We have a roughly 10x30 elevated wood deck off the pack of our house. The joists are all 2x6 16oc. The posts are 4x4 and are holding up a beam that the joists hang off of with joist hangers. I feel this deck is under built, though I will say it feels very solid for what it is.

I plan on doing the following:

  • add a beam under the joists a foot or so in (to lessen the initial span).
  • use 6x6 posts.

The big question: Do I need to replace the 2x6 joists and make them larger?

I'm finding mixed answers out there on the internet. Some span tables include 2x6 and claim about a 9'6" span when 16OC. Others simply say "don't use 2x6 joists.

If I do have to replace the joists, we're probably looking at a full tear down and starting from scratch. I can live with that, but if I can save the time, money, and extra waste going to the dump by keeping the 2x6s, I'd be certainly for it.

  • If you are going to add a beam, wouldn't it be better to add it at the midspan, 5' in? Nov 16, 2015 at 22:16
  • @batsplatsterson not according to any of the span tables...and--I think--mathematically, you'd want it no further than 1/3 the way in anyways.
    – DA01
    Nov 16, 2015 at 22:40

1 Answer 1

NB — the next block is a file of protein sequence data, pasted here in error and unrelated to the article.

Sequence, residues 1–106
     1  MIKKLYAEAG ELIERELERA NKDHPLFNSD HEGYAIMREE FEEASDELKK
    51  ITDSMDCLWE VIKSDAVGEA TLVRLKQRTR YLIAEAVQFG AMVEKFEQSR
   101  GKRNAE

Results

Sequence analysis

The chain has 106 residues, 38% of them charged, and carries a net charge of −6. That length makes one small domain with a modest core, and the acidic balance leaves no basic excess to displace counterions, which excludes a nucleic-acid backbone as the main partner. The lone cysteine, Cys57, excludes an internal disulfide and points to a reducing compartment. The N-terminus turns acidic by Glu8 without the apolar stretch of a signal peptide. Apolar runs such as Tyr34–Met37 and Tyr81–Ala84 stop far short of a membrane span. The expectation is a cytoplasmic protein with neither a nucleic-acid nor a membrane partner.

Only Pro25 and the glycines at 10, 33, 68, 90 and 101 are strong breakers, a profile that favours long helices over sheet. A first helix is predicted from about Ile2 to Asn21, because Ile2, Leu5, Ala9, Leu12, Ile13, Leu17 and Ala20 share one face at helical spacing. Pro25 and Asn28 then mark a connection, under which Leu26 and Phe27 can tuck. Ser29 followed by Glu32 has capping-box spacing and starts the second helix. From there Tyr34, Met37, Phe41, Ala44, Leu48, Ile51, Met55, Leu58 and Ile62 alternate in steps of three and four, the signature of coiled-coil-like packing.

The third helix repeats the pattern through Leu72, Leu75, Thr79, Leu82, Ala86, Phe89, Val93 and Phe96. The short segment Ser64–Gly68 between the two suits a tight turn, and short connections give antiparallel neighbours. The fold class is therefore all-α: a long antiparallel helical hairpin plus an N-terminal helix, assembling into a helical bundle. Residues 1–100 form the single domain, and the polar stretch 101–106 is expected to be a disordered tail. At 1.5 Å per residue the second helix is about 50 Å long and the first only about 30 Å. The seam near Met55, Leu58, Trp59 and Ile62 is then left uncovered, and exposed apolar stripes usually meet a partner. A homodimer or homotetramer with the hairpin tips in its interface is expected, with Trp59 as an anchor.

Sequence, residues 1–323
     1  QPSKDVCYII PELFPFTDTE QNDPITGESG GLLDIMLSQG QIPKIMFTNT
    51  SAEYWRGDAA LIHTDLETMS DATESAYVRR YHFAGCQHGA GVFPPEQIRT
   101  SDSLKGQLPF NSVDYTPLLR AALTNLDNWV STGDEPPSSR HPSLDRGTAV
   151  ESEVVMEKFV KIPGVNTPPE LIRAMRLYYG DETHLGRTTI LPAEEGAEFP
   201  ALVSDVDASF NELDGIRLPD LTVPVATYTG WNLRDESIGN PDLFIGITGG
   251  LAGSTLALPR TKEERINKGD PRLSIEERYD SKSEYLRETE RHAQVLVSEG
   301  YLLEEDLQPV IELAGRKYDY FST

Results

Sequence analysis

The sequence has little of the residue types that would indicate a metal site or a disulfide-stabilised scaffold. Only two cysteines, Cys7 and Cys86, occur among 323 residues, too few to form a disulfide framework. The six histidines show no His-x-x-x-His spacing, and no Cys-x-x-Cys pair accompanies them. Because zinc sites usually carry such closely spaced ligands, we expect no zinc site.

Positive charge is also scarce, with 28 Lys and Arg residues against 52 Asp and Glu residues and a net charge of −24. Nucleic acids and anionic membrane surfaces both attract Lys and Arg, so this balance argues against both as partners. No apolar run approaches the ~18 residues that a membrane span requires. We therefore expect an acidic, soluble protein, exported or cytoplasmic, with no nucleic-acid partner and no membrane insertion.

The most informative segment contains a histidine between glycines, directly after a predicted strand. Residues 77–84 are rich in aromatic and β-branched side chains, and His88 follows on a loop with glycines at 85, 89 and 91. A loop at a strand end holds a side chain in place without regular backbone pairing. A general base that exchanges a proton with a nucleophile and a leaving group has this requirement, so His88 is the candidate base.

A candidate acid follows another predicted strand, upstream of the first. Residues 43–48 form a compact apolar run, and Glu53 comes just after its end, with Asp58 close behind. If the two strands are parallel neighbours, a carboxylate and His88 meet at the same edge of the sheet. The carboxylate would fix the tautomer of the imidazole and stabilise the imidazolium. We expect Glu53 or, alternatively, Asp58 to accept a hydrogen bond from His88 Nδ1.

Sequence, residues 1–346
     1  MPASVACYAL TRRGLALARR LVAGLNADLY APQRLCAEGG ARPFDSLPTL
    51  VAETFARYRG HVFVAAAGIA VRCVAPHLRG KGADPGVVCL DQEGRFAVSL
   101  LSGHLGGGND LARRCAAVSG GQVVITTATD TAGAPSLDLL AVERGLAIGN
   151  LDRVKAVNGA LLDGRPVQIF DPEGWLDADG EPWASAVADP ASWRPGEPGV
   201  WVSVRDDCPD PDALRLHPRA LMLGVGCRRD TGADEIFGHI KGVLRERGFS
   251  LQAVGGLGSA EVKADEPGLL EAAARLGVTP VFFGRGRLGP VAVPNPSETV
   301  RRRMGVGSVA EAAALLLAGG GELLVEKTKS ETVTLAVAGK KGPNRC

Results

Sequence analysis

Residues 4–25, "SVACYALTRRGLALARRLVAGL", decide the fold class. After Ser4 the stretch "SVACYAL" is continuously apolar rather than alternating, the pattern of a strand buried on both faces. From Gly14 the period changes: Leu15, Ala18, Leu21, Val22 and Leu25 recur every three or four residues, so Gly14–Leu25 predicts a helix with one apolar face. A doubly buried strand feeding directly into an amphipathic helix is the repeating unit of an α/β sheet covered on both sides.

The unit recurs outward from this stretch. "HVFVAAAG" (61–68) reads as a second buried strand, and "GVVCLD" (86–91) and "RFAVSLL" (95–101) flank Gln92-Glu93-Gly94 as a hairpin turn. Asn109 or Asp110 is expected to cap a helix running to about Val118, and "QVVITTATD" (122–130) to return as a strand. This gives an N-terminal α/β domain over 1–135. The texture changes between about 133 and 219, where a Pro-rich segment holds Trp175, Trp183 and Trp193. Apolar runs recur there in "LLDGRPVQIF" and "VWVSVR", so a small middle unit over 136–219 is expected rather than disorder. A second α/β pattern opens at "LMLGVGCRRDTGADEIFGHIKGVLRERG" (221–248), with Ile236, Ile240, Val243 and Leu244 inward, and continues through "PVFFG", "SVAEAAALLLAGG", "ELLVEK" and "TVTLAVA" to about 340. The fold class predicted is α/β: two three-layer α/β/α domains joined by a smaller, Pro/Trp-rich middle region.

According to the table in the 2012 IRC code a exterior deck needs to handle a 60lb per sq ft (40 lb live + 20lb dead load). Most treated lumber that I am aware of is #2 southern yellow pine, using that criteria on the table in the code book, your joists can carry a 10'-9" span.

The biggest failure in deck construction has not been the posts or the joists, but the connection to the house. I believe code now requires through bolts into the band joist, or the joist of the house, or posts at the house is cool too.

The length of the post will dictate whether they need to be 4X4 or 4X6. Its a deflection (bowing) thing. IMO 4X4 for a 10' span is not overloading the post, a 16' span may...

  • Sounds like 2x6 might be OK, then. I definitely plan on ensuring the rim joist is a) still solid and b) attached properly with lags and earthquake strapping. As for the 4x4s, I'm in WA state and from what I can tell, they just aren't allowed on elevated decks. Min is 4x6.
    – DA01
    Nov 16, 2015 at 18:30
  • I am in WA too I will look at the seismic charts and connections
    – Jack
    Nov 16, 2015 at 20:00
  • Could you sister 2x4s on the 4x4s to meet code? Nov 16, 2015 at 22:13
  • Technically it might be something that could be done, but I would not go that way.
    – Jack
    Nov 17, 2015 at 1:49

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